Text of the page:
An epicurean's Detroit: liver with raspberries Escoffier would love

The moment I heard the toot-toot-toot, I knew I was going to like Detroit. I had come out of the Renaissance Center, the ballyhooed cluster of glass towers on the St. Clair River, hoping the city had more to show for itself, when I spotted a little red trolley barging blithely up Jefferson.

''That's our version of the cable car,'' said a Detroit friend, explaining that at 35 cents a fare, the one-car trolley runs back and forth on a recently extended downtown route. It obviously will never put the San Francisco cable car in the shade, but then it's a mistake to stack Detroit up against the great United States tourist cities. I doubt you will be disappointed.

As for the Renaissance Center, known locally as the ''Ren Cen,'' the reviews have been mixed, the house seldom packed. There were dark reports the week I was in town that the $357 million project, opened in 1977 and carrying the hopes of a troubled city, had already lost $100 million. Some fancy shops and stores in this gleaming indoor bazaar had recently closed up and moved to the still promising suburban shopping centers, of which Northland (one of the biggest you'll see anywhere), Fairlane (perhaps the most successful in the region), and Somerset (the most elegant, up the road near Troy) are the leading lights. It didn't seem that the Ren Cen's Westin Hotel (formerly the Detroit Plaza) was faring badly - in fact, the check-in line was so long the morning I arrived, I stowed my bag, left the hordes of paint-industry conventioneers amid the hanging vines and crisscrossing skyways, and went out to meet the real Detroit.

I didn't have to go far. Bricktown, a reviving turn-of-the-century district just across Jefferson from the Ren Cen, has a clutch of eating and entertaining establishments in a little four- or five-block oasis. La Marmite, French-flavored and not a bit stuffy, is probably the best of 10 restaurants in Bricktown. Ron Crittendon, a young lawyer who opened La Marmite two years ago and in fact gave Bricktown its name, told me: ''We don't live off the Ren Cen, and none of us in Bricktown advertises much. Our customers have become our ambassadors.''

I didn't have the fortune to visit any of the three, but Mr. Crittendon advised me that Rembrandt's, directly above his cellar-dwelling restaurant, Herb's place, and Old Detroit all pour jazz into the Bricktown night.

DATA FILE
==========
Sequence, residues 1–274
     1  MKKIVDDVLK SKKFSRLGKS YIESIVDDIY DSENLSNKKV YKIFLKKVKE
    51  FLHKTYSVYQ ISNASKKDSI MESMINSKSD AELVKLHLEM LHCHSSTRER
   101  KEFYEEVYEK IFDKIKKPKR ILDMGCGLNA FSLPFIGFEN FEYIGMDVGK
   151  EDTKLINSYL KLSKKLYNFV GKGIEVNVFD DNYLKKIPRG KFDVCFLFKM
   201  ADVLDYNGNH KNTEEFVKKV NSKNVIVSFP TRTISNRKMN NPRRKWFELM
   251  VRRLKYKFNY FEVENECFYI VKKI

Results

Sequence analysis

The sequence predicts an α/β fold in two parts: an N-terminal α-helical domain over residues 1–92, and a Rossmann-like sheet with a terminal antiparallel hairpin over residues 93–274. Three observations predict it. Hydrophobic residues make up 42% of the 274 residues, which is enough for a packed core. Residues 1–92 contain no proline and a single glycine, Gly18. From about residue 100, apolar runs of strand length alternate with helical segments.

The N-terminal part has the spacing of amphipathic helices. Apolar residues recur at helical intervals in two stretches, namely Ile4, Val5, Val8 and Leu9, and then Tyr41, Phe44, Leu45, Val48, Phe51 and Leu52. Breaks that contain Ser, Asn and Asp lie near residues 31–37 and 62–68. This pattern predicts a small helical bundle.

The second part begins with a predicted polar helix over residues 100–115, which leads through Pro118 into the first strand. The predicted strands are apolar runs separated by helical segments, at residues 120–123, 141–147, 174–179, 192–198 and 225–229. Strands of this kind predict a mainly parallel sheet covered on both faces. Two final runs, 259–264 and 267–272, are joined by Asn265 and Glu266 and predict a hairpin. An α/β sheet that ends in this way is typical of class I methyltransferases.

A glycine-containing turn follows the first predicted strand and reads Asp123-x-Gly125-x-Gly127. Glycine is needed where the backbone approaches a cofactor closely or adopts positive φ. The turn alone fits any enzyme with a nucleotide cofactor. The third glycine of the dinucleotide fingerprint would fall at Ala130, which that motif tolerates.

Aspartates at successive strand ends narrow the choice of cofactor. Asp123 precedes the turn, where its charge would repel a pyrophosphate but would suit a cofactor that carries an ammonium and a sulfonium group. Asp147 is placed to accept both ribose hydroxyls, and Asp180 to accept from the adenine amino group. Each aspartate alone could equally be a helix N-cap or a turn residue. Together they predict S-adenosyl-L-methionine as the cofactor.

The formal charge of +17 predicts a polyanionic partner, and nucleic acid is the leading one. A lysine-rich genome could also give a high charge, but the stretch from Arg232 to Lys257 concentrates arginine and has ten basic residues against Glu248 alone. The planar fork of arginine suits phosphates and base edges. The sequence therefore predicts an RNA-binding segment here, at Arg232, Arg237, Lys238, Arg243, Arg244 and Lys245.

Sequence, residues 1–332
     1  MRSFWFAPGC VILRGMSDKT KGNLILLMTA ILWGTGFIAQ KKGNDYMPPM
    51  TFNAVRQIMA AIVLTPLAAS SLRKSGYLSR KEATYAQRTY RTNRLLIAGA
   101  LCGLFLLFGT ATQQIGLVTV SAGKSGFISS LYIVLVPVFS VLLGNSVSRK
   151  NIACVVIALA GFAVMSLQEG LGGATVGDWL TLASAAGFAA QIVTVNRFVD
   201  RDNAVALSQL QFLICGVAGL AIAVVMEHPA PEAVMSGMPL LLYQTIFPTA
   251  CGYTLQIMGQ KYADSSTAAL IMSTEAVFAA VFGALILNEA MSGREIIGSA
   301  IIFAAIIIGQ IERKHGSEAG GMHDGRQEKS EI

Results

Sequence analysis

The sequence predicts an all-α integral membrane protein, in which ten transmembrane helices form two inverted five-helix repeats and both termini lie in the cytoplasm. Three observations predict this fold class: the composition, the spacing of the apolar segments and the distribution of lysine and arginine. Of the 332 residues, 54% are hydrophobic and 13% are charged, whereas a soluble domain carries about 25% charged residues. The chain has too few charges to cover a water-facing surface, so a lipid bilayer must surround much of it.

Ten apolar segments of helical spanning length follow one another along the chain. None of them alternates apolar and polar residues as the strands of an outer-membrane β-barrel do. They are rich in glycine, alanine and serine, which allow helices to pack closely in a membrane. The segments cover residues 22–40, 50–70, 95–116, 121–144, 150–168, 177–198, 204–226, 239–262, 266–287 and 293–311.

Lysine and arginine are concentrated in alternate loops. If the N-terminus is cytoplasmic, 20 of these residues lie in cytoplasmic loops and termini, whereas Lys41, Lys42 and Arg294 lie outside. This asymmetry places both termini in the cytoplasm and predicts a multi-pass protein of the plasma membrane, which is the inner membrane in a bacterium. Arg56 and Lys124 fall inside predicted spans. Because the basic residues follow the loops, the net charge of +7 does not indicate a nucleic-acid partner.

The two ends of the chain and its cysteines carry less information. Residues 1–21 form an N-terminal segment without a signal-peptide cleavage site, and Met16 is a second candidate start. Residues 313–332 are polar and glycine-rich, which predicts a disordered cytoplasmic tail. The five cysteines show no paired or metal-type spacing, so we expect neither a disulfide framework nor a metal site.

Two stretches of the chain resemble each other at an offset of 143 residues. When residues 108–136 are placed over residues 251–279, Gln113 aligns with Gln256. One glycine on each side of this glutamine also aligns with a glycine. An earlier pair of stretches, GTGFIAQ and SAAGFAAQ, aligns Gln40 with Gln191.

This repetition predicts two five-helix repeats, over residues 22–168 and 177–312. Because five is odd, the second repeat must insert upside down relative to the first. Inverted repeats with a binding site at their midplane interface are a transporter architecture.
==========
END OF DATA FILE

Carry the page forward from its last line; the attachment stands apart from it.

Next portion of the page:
Two or three blocks away is Greektown, no newcomer to downtown Detroit. Monroe Street is the main artery of this chunk of Athens with its Greek restaurants, Greek bakeries, Greek groceries, and Greek tavernas. Day and night, Monroe and the parallel Lafayette Street disprove the notion that Detroit is unsafe or unsavory. In fact, Lafayette grinds, bouzouki-style, far into the night without peril.

''This is a very safe neighborhood,'' said Elaine Zesses as I plunged into a Greek salad at the New Hellas Cafe, 583 Monroe Street, a place her grandfather opened in 1901. ''People take care of each other around here, and there's always a cop walking the beat.'' The only scare I received was when a waiter ignited a flaming kasseri cheese plate at the next table.''

The Warehouse District may not sound like the most palatable place, and in fact this area east of the Ren Cen is largely what it seems, empty weedy lots, rusted railroad tracks, and shabby warehouses, but it also conceals three active , attractive restaurants, the Woodbridge Tavern, the Soup Kitchen Saloon, and Rhinoceros.

Before I leave the restaurant beat (and there are some US epicureans who rank Detroit behind only New York, San Francisco, and New Orleans), I have to mention the London Chop House. You could say it is Detroit's answer to ''21,'' but like the little red trolley and the downtown Hart Plaza - analogous to Rockefeller Center with its outdoor skating rink - the Chop House deserves its own press. Cozy, masculine, low-beamed, it is favored by Detroit's movers and shakers, who are moving and shaking a little less these days in the face of 14-percent unemployment and a severe auto-industry slump. Jimmy Schmidt, slight, shy, and still in his 20s, is the Illinois-born chef who provides all those hearty and, I must say, inspired portions of food, served up by waitresses in tuxedos. I ordered the sliced calf's liver sauteed with whole raspberries in a vinegar sauce, wondering if Escoffier ever had the pleasure.

Since the automobile decline, Ford has canceled its once-impressive tours of the River Rouge plant, but there are other ways to fill the hours between meals. You can follow Jefferson out to Lake St. Clair where the Grosse Pointe mansions await inspection, like a midland Beverly Hills. ''I live on Lake Shore Drive, one of the prettiest streets in Grosse Pointe,'' said Bill Anton, who at the time we met was coordinating restaurant activity for the Super Bowl. ''I live next door to Edsel Ford, Henry's son. But I have to say that Bloomfield, on the other side of Detroit, is worth seeing too. It has a lot of GM magnates, beautiful winding drives. Lee Iacocca lives out there.''

Bill Anton went on to tell me that Detroit divides east and west at Woodward near the Ren Cen, with certain social and cultural characteristics attributable to each side. ''Just like Manhattan,'' I started to say, but caught myself. There's only one Motown, after all.

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